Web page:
With enough collective action, mass divestment campaigns can be effective in creating social change. But shareholder activism continues to be as important.
By Bob Monks
Part of the Citizens Disunited series.
It seems natural to express support or enthusiasm for an idea by getting involved, and so it would also seem natural to show dissatisfaction by withdrawing support. And, in many cases, this works.
Divestment Does Not Work Like A Consumer Boycott
Boycotting can be successful when a large group of consumers express themselves by not buying a product. Unless they are hardcore ideologues, retailers and manufacturers backtrack as fast as they can to fix the situation and avoid losing profits. Consumers win because they have expressed themselves through buying power and forced a change.
By extension, it would seem to make sense that this type of action would also work for investors. After all, they are buying something and the sellers want their money. So, avoiding stocks that go against our values (through screens and socially responsible funds) or by divesting of companies that do or make things we don’t like seems like it should have power.
And it can, but it’s a mistake to think that divestment and screening out undesirable companies work the same way as boycotting.
Boycotting leaves products on the shelves and reduces profits for a manufacturer or retailer – maybe even both. Can investing screens and divestment really have the same kind of financial impact? If a large number of people divest or enough money were collectively diverted from the stocks of a company, it might.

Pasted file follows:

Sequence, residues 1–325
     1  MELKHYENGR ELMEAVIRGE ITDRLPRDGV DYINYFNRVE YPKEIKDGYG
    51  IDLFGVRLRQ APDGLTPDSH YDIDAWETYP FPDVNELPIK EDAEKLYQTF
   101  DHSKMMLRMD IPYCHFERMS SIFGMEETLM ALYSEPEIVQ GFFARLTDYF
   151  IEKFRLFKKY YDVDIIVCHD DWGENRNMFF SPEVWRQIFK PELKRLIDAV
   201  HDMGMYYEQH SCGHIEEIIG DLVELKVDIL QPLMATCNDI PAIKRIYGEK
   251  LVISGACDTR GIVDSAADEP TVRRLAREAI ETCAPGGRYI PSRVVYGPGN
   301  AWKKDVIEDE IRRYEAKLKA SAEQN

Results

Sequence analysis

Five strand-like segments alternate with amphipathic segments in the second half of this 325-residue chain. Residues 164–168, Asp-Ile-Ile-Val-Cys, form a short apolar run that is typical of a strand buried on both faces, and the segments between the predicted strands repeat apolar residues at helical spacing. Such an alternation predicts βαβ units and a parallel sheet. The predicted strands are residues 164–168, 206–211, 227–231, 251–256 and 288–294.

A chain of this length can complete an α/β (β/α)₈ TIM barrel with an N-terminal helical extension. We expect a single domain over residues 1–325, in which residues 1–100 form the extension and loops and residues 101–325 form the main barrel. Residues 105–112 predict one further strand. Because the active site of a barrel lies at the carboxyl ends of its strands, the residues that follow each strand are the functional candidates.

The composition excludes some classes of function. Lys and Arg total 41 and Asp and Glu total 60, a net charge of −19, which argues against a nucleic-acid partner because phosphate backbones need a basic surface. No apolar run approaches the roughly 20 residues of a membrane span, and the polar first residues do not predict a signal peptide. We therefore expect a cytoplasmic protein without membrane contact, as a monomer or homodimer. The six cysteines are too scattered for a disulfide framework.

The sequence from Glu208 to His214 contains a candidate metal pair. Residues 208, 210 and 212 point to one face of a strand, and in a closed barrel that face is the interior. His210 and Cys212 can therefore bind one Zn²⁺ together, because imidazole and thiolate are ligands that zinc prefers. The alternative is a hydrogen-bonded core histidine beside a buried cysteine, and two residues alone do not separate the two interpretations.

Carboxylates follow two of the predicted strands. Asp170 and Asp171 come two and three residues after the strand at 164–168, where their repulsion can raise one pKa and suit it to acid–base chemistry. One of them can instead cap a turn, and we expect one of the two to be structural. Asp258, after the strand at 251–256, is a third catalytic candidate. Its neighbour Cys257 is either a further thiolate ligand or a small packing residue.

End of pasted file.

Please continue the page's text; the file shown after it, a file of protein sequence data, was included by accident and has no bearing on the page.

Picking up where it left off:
What Makes Divestment Effective?
Still, there are some important factors to consider:
The largest companies (fossil fuel companies included) have so much money in reserve that they can weather a temporary storm. How much stock has to be divested or go “unbought” to motivate corporations to change?
Large corporations make large profits and that’s all some investors care about. You may divest but others will buy those stocks and they may not care about social issues, the environment or workers. So can divesting bring about change if someone else buys those stocks?
There are some similarities between boycotting and divesting, though. Boycotting works as collective action when scores of consumers participate. In order for divestment to work, they would also require collective action.
To be effective, a huge amount of money must be withdrawn from a company. Where boycotting unites individual buyers to have impact, individual stockowners aren’t likely to make a huge enough hit with divestment or negative investing for a corporation to take notice. Institutional owners, though, could impact a company or industry because collectively they control vast amounts.
The Fossil Fuel Divestment Campaign
The current student campaign to divest from fossil fuels is interesting. For example, Harvard has $30 billion in endowment while Yale has $16.7 billion.
While it’s clearly not all in one company or industry, what kind of impact could university endowments have if they withdrew from fossil fuel companies and allied industries? By my count, there are well over a hundred campaigns at universities around the nation, and there are additional groups working to get towns and communities to join the fight. As a collective action, the potential for these divestment campaigns is fascinating to ponder.